For this special issue of Civil War History, we invited Eric T. Dean Jr. to reflect on Shook over Hell: Post-Traumatic Stress, Vietnam and the Civil War, published in 1997. Dean was the first to consider seriously the war’s lasting mental toll on veterans; although Shook over Hell is not without its critics, it remains the seminal study on this topic. As a part of his reflection, Dean also considers the evolution of war and trauma scholarship by casting a glance at the excellent work of the three articles contributed to this volume. Matthew Warshauer and Michael Sturges provide a fascinating glimpse into the complexities of the historian’s craft by discussing their difficulty in gaining access to the health records of veterans treated at the Connecticut Valley Hospital, formerly the Connecticut Hospital for the Insane. Their essay reveals the disheartening lengths to which contemporary bureaucrats will sometimes go to deny scholars access to materials for which no compelling privacy considerations exist. Diane Miller Sommerville adds to recent work by David Silkenat and others, to advance the discussion of a topic many nineteenth-century Americans regarded as disturbing: suicide. Chris Walsh looks at another stigmatized topic, cowardice, and how the fear of acting cowardly affected Americans’ behavior during the war. He refers to his work as uncovering the “shadow history” of war, and in many ways, that is what this special issue seeks to do: shed light on topics usually hidden (sometimes deliberately) in our collective past.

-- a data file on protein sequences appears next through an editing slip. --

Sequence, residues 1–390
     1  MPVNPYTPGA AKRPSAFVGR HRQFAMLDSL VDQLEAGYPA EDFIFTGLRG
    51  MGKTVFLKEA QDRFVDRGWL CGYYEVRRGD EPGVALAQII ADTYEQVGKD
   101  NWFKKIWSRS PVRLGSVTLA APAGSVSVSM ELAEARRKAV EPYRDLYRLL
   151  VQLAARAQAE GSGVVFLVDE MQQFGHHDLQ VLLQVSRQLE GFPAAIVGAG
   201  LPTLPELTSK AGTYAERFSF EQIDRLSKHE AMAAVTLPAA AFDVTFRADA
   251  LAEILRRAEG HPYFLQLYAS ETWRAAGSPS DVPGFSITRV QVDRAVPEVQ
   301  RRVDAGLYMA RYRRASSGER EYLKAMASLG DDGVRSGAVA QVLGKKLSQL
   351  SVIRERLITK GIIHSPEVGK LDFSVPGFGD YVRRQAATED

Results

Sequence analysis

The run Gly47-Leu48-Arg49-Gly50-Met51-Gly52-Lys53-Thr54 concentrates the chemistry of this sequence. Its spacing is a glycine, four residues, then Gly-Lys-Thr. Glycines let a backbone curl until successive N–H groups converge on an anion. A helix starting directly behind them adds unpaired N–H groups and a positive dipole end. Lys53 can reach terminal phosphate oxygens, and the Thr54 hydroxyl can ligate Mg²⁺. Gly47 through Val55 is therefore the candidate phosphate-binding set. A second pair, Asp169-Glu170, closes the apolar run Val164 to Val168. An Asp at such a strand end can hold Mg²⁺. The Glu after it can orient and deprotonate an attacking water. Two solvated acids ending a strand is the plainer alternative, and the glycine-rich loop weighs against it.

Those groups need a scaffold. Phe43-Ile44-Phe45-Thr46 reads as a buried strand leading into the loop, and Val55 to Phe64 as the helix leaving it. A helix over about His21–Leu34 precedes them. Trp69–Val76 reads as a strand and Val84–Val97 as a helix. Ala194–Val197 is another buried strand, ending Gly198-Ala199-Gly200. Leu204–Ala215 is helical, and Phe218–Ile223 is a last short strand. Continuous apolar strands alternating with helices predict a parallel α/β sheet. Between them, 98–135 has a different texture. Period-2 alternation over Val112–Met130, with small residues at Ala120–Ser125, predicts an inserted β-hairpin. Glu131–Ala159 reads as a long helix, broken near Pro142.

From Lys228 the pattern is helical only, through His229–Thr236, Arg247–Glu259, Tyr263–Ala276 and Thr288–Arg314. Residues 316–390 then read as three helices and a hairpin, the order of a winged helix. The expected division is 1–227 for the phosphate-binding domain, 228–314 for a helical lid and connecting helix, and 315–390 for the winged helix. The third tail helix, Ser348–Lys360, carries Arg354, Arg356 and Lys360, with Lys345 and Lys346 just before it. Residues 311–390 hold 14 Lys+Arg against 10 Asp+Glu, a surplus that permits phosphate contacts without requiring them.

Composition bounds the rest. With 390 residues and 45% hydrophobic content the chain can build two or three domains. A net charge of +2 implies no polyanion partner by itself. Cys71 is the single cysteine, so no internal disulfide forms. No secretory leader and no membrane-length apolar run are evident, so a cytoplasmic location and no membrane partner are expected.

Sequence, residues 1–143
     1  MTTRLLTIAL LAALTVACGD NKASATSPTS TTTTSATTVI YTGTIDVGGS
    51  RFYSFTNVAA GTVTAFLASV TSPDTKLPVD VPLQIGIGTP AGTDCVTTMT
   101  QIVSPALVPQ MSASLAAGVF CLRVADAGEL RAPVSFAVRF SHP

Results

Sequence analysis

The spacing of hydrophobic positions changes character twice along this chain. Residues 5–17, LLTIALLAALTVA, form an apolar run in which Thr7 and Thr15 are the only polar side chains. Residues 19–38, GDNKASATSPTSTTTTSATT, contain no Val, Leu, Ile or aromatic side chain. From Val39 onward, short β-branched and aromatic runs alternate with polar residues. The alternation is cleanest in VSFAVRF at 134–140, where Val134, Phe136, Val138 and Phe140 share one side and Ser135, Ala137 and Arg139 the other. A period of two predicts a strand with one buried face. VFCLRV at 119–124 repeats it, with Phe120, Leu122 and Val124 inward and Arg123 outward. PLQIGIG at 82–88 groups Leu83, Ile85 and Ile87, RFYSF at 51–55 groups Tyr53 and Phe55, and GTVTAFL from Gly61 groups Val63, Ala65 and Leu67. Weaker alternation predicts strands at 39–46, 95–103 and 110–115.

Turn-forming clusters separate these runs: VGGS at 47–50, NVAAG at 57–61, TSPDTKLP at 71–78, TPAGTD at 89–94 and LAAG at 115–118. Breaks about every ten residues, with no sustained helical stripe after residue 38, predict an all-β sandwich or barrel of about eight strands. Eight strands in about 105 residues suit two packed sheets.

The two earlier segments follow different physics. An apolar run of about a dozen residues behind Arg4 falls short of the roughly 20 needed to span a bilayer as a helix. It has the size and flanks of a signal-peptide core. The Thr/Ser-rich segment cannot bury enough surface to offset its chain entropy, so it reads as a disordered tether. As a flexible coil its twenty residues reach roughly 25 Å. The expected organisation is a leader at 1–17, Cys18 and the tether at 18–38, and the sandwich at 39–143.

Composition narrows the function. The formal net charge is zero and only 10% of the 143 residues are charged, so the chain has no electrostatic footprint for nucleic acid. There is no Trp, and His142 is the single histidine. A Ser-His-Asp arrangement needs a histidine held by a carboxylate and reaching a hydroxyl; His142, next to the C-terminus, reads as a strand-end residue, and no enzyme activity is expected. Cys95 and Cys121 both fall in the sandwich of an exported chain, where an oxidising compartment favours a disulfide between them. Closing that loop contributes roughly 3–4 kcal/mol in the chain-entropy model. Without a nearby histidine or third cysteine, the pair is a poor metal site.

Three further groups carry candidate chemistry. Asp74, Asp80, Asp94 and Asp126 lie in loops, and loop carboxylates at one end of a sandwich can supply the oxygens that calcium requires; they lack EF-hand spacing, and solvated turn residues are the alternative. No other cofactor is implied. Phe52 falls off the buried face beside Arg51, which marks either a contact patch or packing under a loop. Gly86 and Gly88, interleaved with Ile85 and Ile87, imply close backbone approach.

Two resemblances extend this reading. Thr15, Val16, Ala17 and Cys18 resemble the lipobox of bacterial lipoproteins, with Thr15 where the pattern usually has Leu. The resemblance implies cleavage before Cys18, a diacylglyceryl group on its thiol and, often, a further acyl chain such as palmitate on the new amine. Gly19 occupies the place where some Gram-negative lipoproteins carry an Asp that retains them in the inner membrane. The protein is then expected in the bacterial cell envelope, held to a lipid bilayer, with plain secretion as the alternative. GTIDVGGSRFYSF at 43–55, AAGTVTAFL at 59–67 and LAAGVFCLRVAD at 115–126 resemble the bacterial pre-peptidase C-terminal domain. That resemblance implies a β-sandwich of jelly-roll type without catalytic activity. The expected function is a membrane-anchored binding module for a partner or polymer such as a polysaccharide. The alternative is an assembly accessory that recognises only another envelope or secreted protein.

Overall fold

Our Review section reflects new and old trends within the literature of the Civil War era. Included are titles by historians Michael Perman and William J. Cooper and two recent books that explore the life, legacy, and memory of John Brown. Readers will also find reviews of books about trains, steamboats, the environment, border disputes, music and memory. [End Page 413]